Drip feeding the media on plans to ban internal combustion engines (ICE) by 2040 is no way to tackle an issue that will affect thousands of Unite members in the UKs automotive manufacturers, the auto supply chain, the industries customers and members of the public.
Last week instead of getting round to publishing its thinking on the future of the UK car industry the government leaked a report to the media which said it will ban the sale of new cars that can travel less than 50 miles on electricity from 2040 – including hybrid engines
‘Road To Zero’ (the name of the government’s plan – not a Bob Hope and Bing Crosby film – although it feels like it!) has been allegedly circulating in Westminster for weeks but so far it has not been published to the industry and unions.
Rumours are that it is due to be published ‘imminently’ but last week’s leak smacks of uncertainty, internal wrangles and politicians trying take the sting out of unrealistic targets which the government, it is suspected, is using to try to burnish its ‘green credentials’.
Equally as worrying is – as car industry expert Professor David Bailey of Aston Business School says, “The government’s policy stance is all the more concerning as hybrid engines will be the mainstream technology over the next 10 to 15 years until full electrification arrives en masse from the mid-2020s. The government’s shambolic stance risks killing this key hybrid technology before it gets going.”
Last year Michael Gove, the secretary of state for the environment, food and rural affairs, waded into the debate saying the government would ban all diesel and petrol cars in the UK by 2040 as part of a £2.7bn strategy designed to cut pollution.
There was no warning of the statement which caused ructions in the auto industry and has contributed to the diesel car market going into steep decline.
Gove was not clear on any strategy, on which electric models – other than 100 per cent electric models, would be exempt from the ban, which led to massive criticism from the industry.
Gove at it again
It seems that Gove may be at it again with the announcement on hybrids – but as one well annoyed senior industry figure told me, “What makes it worse it has got nothing to do with him”.
Unite has been clear that we accept that there will be a move to electric vehicles over the next few years – we have published our well-received strategy on the move to electric vehicles setting out the massive infrastructure investment that will be needed and the need for a strategic plan for a just transition. Download the Electric Vehicles, Autonomous Technology and Future Mobility report.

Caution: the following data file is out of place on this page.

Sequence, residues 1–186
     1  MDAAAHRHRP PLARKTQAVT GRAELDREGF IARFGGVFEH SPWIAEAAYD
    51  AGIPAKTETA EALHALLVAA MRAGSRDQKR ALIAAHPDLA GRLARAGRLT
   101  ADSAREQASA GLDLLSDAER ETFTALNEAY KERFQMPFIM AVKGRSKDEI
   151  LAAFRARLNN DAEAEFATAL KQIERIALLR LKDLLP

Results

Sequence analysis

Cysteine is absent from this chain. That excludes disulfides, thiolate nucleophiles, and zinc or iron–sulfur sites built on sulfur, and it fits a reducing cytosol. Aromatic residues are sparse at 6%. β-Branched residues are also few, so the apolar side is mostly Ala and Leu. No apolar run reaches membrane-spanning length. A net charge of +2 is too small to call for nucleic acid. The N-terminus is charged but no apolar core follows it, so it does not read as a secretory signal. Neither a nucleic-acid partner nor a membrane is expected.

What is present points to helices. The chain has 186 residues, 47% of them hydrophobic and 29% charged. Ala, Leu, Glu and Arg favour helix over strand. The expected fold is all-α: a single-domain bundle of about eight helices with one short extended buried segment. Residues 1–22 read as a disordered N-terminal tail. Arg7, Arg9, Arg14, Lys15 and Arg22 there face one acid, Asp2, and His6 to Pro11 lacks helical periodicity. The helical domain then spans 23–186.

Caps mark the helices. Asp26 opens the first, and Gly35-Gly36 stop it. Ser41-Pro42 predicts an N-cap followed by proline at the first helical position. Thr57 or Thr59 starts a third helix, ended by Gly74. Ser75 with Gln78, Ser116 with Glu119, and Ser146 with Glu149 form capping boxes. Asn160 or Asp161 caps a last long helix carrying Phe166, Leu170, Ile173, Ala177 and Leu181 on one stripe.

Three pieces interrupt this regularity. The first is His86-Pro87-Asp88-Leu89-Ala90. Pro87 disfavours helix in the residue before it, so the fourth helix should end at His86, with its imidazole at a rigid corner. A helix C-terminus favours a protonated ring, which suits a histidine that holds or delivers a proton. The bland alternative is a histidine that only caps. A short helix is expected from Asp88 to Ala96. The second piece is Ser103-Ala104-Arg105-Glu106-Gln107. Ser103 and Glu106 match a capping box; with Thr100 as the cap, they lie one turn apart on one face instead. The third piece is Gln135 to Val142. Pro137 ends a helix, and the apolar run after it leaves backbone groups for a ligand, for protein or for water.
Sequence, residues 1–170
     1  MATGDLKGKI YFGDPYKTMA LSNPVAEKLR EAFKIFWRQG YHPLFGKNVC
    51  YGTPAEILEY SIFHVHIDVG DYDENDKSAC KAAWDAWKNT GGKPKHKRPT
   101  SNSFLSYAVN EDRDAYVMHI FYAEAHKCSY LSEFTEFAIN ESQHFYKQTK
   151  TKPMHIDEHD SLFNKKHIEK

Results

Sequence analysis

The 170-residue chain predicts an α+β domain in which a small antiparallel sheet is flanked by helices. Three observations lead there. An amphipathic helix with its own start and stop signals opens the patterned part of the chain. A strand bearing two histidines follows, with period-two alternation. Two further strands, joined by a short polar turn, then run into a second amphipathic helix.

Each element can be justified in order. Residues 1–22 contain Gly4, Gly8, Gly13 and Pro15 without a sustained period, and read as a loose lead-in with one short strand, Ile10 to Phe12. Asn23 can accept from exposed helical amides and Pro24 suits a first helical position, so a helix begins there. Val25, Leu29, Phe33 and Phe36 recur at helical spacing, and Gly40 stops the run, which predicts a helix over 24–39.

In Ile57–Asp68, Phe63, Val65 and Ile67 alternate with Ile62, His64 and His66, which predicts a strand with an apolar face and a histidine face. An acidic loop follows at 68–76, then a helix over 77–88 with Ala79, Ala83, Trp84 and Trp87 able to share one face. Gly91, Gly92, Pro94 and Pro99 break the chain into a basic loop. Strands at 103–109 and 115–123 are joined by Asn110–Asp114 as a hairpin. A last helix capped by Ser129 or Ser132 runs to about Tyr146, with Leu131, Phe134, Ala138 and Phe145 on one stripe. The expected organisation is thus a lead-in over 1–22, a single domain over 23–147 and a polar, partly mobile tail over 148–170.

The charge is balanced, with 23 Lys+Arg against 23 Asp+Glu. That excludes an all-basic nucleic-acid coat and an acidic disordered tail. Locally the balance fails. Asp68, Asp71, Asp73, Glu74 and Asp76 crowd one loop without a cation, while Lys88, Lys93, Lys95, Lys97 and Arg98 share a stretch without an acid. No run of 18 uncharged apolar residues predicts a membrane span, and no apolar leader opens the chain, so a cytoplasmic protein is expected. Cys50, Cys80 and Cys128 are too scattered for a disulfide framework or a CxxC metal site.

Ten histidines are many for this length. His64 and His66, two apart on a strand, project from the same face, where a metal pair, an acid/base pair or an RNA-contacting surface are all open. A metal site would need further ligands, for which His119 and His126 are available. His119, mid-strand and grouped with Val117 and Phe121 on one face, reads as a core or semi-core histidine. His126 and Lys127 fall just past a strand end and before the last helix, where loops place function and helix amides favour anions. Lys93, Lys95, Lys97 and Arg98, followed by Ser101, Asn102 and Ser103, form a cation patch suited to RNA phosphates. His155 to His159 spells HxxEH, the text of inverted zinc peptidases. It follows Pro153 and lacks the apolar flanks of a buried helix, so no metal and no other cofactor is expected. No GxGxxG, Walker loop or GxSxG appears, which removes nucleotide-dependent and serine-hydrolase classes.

The report is based on the success of our automotive industry and the fact that the UK car industry meets the toughest legal requirements and produces the cleanest diesel and petrol engines in the world at Fords Dagenham and Bridgend; BMW at Hamms Hall in the West Midlands and at Toyota’s hybrid plant on Deeside.
Massive investment needed
The problem is that the government has not put forward any plan for the massive investment needed not just in production of electric vehicles – which only accounts for 5.2 per cent of all new car sales in the first four months of 2018, which is a very slow uptake of new zero-emissions models.
Unite has highlighted there is a need for an industry plan for the massive investment needed in charging points across the country, the need for the national grid to be able to deal with a growth in home charging, the production of and recycling of batteries and a policy on support and investment to make sure that auto manufacturers produce the vehicles and infrastructure technology here in the UK.
Some companies have told Unite and our members that they want to move forward but they need confidence and a plan – but the government seems content to make sound bite media announcements of little substance and detail.
All we have had so far is rumours of unrealistic targets, not based on facts or details, coupled with misleading statements, which dent consumer confidence and damage jobs.
As Mike Hawes CEO of the Society of Motor Manufacturers and Traders said last week, “If the government wants the UK to be a global leader in zero-emission transport, it must provide a world-class package of incentives and support to make this a credible policy.
“This includes ensuring we have the right infrastructure in place with sufficient charging points and energy supply.”
Most important issue
The move to EVs along with Brexit is the most important issue facing the UKs automotive industry. It is an issue, which Unite has been at the forefront of.
Not only have we produced a forward thinking strategy, Len McCluskey and myself along with other Unite officials met with senior German and UK BMW managers along with their top their union officials from Germany and the UK recently to discuss how we tackle the move to EVs and how we work towards producing a just transition.
Our automotive national sector committee, consisting of some of our senior industry shop stewards and convenors is also working on a detailed plan to deal with CO2 emissions – but we need to see the government’s policy.
We have also made it clear to the government we have open to discuss our views at any time, in an effort to protect the industry, defend and create decent jobs, discuss what new skills are needed and how we win the production of EVs and the infrastructure here in the UK.
Unite believes that is the only and proper way to get a just transition – not by leaks to the media, unrealistic targets and publicity stunts which not only damage consumer confidence but undermine the industry and the workforce.